In the span of 24 hours, the Senate successfully overturned two sets of regulations finalized by President Barack Obama’s Department of Education late last year.

Using the oversight authority granted to it by the Congressional Review Act, the Senate passed resolutions of disapproval for accountability regulations under the Every Student Succeeds Act and regulations for teacher preparation programs. These resolutions now proceed to President Donald Trump.

The use of the Congressional Review Act to roll back these regulations provides immediate relief for states and schools. It also prevents the Department of Education from promulgating substantially similar regulations in the future without congressional approval.

In his speech on the Senate floor about the regulations for teacher preparation programs, Sen. Ben Sasse, R-Neb., made two crucial and broadly applicable points:

  1. Government bureaucrats are not qualified to make highly specific decisions for remote programs.
  2. The federal government lacks the constitutional authority to interfere in local decision-making about education.

The accountability regulations under the Every Student Succeeds Act and the regulations governing teacher preparation programs are perfect examples of federal micromanagement.

Accountability Regulations

The accountability regulations under the Every Student Succeeds Act dictated the methods that had to be used by states and school districts for evaluating school performance; established minimum funding amounts for school interventions with no regard for school size, the nature of the intervention, or local budget capacity, etc.; and added nonstatutory reporting requirements.

The regulations also attached consequences for schools with high testing opt-out rates.

Critics of the Senate’s vote talk about the possible confusion and uncertainty this will cause for states as they prepare plans for implementing the law. But this criticism simply exposes the flawed state of affairs in our government-run education system.

If states and communities are accustomed to looking toward the federal government and warily watching for directives from Washington before making decisions, the needs of children and communities are pushed to the background.

We have tried the accountability-enforced-from-Washington model for the last 15 years under No Child Left Behind, and it hasn’t worked.

The Senate’s vote against the Obama-era accountability regulations is a step in the right direction, though it still leaves significant power in the hands of the federal government. As Heritage Foundation expert Lindsey Burke noted upon passage of the Every Student Succeeds Act, good intentions still produced a mediocre law.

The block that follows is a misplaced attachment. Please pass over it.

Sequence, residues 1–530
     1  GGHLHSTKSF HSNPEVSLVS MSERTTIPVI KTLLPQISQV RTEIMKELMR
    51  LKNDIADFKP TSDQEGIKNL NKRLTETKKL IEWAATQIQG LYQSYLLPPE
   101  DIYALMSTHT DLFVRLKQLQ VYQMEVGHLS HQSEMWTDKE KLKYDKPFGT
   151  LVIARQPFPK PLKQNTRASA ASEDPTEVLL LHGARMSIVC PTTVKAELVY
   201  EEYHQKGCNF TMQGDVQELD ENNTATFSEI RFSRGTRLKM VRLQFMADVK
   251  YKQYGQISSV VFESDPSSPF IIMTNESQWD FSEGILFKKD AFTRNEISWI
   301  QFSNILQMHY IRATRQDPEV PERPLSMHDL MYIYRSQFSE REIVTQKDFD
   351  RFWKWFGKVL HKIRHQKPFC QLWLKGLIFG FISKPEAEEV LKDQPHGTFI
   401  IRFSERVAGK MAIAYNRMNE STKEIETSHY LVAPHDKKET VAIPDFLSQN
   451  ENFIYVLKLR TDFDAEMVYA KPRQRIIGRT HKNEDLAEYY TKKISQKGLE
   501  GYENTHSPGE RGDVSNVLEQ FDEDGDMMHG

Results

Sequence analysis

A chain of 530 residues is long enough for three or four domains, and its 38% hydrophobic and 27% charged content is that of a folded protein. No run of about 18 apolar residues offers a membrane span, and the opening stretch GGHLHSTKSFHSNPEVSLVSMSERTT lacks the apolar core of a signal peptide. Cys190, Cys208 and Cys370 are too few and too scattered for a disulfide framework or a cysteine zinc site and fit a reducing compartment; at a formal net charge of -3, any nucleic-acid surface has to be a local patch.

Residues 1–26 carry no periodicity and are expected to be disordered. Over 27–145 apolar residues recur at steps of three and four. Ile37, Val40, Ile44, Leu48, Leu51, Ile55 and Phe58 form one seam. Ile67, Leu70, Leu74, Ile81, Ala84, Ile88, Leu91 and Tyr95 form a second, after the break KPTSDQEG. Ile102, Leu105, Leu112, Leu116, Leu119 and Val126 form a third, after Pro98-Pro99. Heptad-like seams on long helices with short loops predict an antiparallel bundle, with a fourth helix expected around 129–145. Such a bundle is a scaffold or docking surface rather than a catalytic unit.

The Every Student Succeeds Act missed the opportunity for real reform by maintaining dozens of ineffective programs and high levels of federal spending, and by failing to incorporate the policies contained in the Academic Partnerships Lead Us to Success (A-PLUS) provision.

One of the strengths of our federal system is the possibility of innovation and experimentation in the decentralized context of the states. The A-PLUS provision would allow states to opt out of the complex federal regulatory environment and direct dollars toward any education purposed allowed under state law.

Teacher Preparation Program Regulations

The teacher preparation program regulations were an attempt to have the federal Department of Education evaluate the strength of teacher preparation programs at universities, and to link college students’ access to federal financial aid in the form of TEACH grants to the rating of the programs.

The rating system would have used elementary and secondary students’ test scores and value-added methodologies to measure novice teacher effectiveness, and then judged a college teacher preparation program by the effectiveness of its graduates.

It is widely acknowledged that university-based teacher preparation programs have room for improvement. But not only would this approach have increased reporting requirements beyond those currently contained within the Higher Education Act—it would have required states to report back to the federal government on individual teacher preparation programs at colleges on an annual basis.

Those reports would have had to detail the number of teacher graduates placed in high-needs schools, student learning outcomes reported in terms of achievement gains produced by new teachers, and additional measures of teachers’ content and pedagogical knowledge.

The cost and complexity of developing reporting systems in the K-12 schools that intersected with college teacher preparation programs to provide new information to the federal Department of Education would have been enormous.

Positive Steps Forward

Both of these regulations illustrate the consequences of a federal Department of Education that engages in micromanagement of day-to-day school operations.

Sasse was right to say “good intentions are not enough” when it comes to federal regulation, and the Department of Education has been appropriately checked by Congress through these resolutions of disapproval.

Congress, Education Secretary Betsy DeVos, and the Trump administration should now work together to significantly reduce federal intervention in education policy and allow states, communities, and schools to make decisions based on local needs and preferences.